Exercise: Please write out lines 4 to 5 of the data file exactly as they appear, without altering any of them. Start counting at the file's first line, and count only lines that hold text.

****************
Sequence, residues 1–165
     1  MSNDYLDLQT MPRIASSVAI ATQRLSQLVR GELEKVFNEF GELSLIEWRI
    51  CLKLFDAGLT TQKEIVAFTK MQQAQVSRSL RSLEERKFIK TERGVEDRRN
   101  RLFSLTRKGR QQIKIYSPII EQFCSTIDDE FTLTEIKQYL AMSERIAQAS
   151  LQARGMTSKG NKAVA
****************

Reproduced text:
   101  RLFSLTRKGR QQIKIYSPII EQFCSTIDDE FTLTEIKQYL AMSERIAQAS
   151  LQARGMTSKG NKAVA